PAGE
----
There are five different kinds of "worst-case scenario" situations that may impact the service that OnINBOX provides. This article will explain what they are, any associated user impact, and what we have in place to mitigate any risks.
1. An unexpected error occurs while scanning an individual email.
If OnINBOX experiences an unrecoverable error while scanning an email, it will simply move the email out of the processing folder and into the user's inbox unscanned, without adding the usual security banner.
2. OnINBOX doesn't receive a new email notification from Office 365 / Google
Generally, OnINBOX scans emails in real-time, receiving push notifications from the email provider whenever a new email arrives. There is the possibility that the email provider experiences an issue and might not send us an email notification for a particular email, or stop sending us notifications altogether.
To protect our customers from this scenario, we have a secondary method, where we pull notifications by frequently checking the processing folder to see if any emails are in the folder waiting to be processed. With this system in place, any emails that we do not receive a push notification for will be processed within approximately a minute. We also have monitoring in place to let us know when this second method is picking up emails.
3. Something behaves unexpectedly with an updated version of the product
We use a staggered release process where any new change is first tested in our development environment, then on Red Sift's accounts in production, and lastly a gradual update process for all of our customers. All new product releases are highly monitored in case something unexpected happens and we are able to roll back any new changes very quickly.
Generally, we release new features and changes when they are ready without announcing them in advance, and then let the marketing team promote the new features afterward. There are some exceptions to this rule, where significant changes are expected to the user experience or where there might be risks associated with the change, where we will provide at least several days' notice (where possible).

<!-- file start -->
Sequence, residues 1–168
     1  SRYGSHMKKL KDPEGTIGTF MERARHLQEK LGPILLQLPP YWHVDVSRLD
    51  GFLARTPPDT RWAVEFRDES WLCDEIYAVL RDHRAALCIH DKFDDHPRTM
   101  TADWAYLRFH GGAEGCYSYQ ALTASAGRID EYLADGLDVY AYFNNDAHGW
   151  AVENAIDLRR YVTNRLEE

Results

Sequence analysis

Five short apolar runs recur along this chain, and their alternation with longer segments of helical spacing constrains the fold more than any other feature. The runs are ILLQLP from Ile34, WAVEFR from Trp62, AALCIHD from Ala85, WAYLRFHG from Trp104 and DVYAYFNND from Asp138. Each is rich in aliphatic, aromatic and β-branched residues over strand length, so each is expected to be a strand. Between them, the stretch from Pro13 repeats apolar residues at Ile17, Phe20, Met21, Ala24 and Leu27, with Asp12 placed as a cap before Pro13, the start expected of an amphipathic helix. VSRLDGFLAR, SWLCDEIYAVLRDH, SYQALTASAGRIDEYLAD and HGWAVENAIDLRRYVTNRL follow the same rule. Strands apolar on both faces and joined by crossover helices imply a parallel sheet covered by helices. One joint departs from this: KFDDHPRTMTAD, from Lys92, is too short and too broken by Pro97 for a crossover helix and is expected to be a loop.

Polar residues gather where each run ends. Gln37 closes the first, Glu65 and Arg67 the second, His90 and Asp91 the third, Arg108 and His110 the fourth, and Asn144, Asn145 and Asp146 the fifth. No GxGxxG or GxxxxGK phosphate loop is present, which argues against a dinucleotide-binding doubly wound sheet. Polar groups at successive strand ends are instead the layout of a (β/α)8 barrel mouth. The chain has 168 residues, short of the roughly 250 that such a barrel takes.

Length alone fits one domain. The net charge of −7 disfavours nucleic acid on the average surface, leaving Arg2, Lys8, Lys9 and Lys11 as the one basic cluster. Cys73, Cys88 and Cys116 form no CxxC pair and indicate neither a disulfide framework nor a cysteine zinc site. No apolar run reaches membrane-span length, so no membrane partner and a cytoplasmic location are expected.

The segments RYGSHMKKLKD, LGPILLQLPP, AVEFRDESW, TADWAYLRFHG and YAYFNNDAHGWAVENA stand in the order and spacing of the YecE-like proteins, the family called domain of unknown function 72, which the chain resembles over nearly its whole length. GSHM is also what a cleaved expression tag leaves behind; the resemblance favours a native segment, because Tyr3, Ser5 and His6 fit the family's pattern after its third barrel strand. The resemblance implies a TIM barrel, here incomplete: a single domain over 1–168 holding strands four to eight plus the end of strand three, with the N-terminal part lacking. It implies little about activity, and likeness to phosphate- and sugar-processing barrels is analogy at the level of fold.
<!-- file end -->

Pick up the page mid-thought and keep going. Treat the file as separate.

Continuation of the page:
4. OnINBOX experiences downtime
We have a large number of various monitors in place to detect whether OnINBOX is likely to start to experience a degradation in service or any downtime. Including outside of regular office hours, we always have a Software Engineer assigned to quickly respond to any alerts, with a clear escalation process. If we are unable to immediately recover the service, we will contact our customers via email and activate our emergency protocol.
Our emergency protocol involves activating an isolated, standalone service that temporarily disables OnINBOX from all of the affected user's email accounts. The service deletes the rule that moves messages to the processing folder and moves any emails in the processing folder into the user's inbox to ensure email deliverability is unaffected by the outage. The emergency protocol only takes a couple of minutes to complete and once the issue has been resolved, we are able to just as quickly reverse the emergency process.
5. Google API / Office 365 API experiences downtime
The Google / Office 365 API serves as the 'middle man' between OnINBOX and your email accounts. Like the previous scenario, we have a number of various monitors in place to detect whether any degradation is starting to take place or any downtime and we would contact you if this scenario was to happen. Depending on the type of downtime or degradation, we may be able to activate our emergency protocol to ensure full email deliverability. There is a chance, however, that the type of downtime may affect our ability to carry out our emergency protocol effectively.
To mitigate this risk, unlike an email gateway, we never stop or delay emails from arriving to a user's email account. Instead, we move emails into a processing folder until OnINBOX has scanned the email. That means that in this scenario, users will still receive all of their emails, but they will be sitting in the processing folder until the downtime has resolved enough for the emergency protocol to be completed, or until the email provider's service is resolved (whichever happens first).
Fortunately, being two of the largest global services, this scenario is also the most unlikely of the worst case scenarios, and in the event that this was to occur, we would expect a small army to be working on solving the issue very quickly. This scenario would not only affect OnINBOX, but also any other products using the API.